13.2. the extent of the powers given to HM Treasury by the Bill, which appear almost wholly unfettered, so the legislation could end up having effects not envisaged at this time and thus not taken into account by the economic impact assessment: as these could be very damaging for the future not only of UK regulated banking, but for bank customers, especially business customers, and for the recovery of the UK economy, the lack of any check or balance is highly regrettable;

13.3. the scope of activities permitted to ring fenced banks and the wider effects of these proposals;

13.4. the two-purposes test relating to what should be regarded as a ‘core activity’.

The need for a balanced ring-fence

14. The Society is concerned the current proposal does not get this balance right and an adjustment to the model of ring-fencing may result in a better balance between the different objectives.

15. The ring fence proposals focus on the role of the ring-fenced bank in serving individual customers, but traps smaller businesses in ring-fenced banking and raises a series of problems for larger businesses with regards to using ring-fenced banks. This is because the ring fence has been placed so as to make it difficult for ring-fenced banks to meet the needs of larger customers fully. It appears to treat retail banks as something akin to a building society: but one of the primary functions of a high street bank is to serve the needs of business, especially as regards money management, including transfers and receipts, netting of accounts, foreign currency needs and exposures, trade finance, payroll provision and working capital needs. While some of the specimen secondary legislation shows a reluctant recognition of some of these factors, the overall picture is one of a highly constrained business model operating as far as possible only domestically, constrained in its relations with non-EEA entities and with all other types of financial institutions, that will struggle to serve their business customers, especially those growing overseas business outside the EEA or operating in currencies other than sterling.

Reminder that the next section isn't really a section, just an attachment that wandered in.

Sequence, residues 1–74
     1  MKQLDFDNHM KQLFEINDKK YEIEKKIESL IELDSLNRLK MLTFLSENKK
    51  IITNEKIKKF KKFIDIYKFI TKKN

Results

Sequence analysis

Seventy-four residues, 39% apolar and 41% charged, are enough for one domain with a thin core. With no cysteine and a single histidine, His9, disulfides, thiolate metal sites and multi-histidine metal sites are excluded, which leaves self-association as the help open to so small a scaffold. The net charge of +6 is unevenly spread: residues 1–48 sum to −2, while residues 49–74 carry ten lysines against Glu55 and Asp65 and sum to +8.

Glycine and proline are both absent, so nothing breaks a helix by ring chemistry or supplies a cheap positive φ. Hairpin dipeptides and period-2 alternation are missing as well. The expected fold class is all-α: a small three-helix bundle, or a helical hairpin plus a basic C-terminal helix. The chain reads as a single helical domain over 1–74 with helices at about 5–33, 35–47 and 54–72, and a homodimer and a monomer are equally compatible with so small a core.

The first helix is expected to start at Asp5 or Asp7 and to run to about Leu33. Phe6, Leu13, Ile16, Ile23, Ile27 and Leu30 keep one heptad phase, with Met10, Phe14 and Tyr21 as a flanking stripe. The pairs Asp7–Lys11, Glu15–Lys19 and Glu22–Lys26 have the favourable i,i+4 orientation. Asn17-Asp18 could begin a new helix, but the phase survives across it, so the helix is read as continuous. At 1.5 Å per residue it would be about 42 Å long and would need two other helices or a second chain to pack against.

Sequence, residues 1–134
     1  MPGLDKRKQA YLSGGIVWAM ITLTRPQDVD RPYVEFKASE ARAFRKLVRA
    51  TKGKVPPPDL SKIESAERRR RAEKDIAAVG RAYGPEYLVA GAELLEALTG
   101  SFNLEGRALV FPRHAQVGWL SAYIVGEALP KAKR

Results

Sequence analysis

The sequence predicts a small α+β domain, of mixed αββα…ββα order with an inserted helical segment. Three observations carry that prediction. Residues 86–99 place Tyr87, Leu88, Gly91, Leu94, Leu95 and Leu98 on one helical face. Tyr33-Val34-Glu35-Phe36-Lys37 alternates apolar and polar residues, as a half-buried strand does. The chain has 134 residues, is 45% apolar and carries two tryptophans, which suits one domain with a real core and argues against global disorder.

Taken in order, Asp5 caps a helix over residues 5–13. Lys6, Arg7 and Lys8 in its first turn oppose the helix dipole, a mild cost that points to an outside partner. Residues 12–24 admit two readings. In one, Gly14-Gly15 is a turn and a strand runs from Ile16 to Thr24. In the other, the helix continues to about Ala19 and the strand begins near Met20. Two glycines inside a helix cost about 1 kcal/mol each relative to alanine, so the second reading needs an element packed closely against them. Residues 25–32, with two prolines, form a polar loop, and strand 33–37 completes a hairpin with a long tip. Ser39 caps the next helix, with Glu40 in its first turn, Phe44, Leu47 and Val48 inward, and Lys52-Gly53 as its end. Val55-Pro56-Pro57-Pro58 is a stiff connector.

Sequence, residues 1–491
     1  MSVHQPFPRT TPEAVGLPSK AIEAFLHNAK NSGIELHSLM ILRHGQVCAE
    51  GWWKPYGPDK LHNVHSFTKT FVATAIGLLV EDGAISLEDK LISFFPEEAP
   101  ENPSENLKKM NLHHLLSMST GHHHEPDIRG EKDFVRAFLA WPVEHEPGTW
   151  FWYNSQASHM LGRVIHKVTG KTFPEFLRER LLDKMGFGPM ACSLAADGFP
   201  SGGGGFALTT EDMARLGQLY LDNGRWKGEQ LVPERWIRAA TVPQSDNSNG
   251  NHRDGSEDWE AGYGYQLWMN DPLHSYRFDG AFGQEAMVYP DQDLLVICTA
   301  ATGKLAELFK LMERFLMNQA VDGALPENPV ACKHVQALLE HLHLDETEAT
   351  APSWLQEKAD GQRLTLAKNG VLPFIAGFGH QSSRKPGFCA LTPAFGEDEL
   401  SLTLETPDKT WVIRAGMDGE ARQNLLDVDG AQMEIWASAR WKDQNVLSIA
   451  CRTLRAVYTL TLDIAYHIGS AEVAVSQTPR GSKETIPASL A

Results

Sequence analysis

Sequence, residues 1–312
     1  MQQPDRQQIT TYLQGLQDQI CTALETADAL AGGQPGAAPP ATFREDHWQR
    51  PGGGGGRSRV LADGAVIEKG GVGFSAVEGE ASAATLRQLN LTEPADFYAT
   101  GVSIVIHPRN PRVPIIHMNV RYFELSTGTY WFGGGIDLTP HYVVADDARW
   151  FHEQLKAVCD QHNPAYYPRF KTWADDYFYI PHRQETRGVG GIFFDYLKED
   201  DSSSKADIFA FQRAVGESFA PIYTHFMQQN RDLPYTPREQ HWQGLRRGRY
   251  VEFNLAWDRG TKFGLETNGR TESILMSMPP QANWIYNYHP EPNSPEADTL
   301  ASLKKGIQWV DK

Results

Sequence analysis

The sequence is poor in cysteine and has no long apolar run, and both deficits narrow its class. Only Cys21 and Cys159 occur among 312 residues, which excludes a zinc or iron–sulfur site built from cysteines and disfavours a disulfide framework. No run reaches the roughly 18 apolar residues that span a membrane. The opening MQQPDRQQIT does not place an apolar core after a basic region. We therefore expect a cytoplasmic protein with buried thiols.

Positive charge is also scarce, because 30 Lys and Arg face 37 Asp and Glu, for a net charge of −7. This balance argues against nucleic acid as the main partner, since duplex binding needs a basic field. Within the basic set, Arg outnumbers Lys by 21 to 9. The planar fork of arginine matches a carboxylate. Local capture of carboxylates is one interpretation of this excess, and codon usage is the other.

16. The ring-fence has to be a proportionate measure to the problem it is trying to resolve. It has to fairly balance what are sometimes competing objectives. The Bill needs to tread the line that produces a balanced result which is good for the UK economy: it is a reform whose effects will be felt for generations and getting it right deserves the utmost care, in order to avoid and disproportionately negative impacts on the competitiveness of UK banks, their customers and the wider UK economy.

17. In the current Bill:

17.1. S142B(2) establishes that accepting deposits is the irreducible minimum core activity, subject to some qualifications set out in 142B(2), (3) and (4).

17.2. S142B(5) enables the Treasury to expand the number of core activities, subject to the requirements of s142B(6).

17.3. S142D sets out the excluded activities. In other words what activities ring-fenced entities cannot carry out. It also enables the Treasury to add further types of activities (beyond dealing with investments as principal) to the excluded activities list. S142D will also enable the Treasury to create exceptions to the excluded activity of dealing with investment as principal. Exercise of authority is subject to a two part test.

Impact of the ring-fence

18. The current proposals do not take sufficient account of the wider context and the limitations placed on the effectiveness of the ring-fence proposals for example, by other laws. The Society believes these limitations include:

18.1. EU Single Market rules (and other international trade agreements). These man that banks from competitor Member States will be able to sell retail banking services to UK customers and not be subject to the same ring-fencing regime (these banks will not face the additional cost of the ring-fence or the restrictions on the types of services they can offer);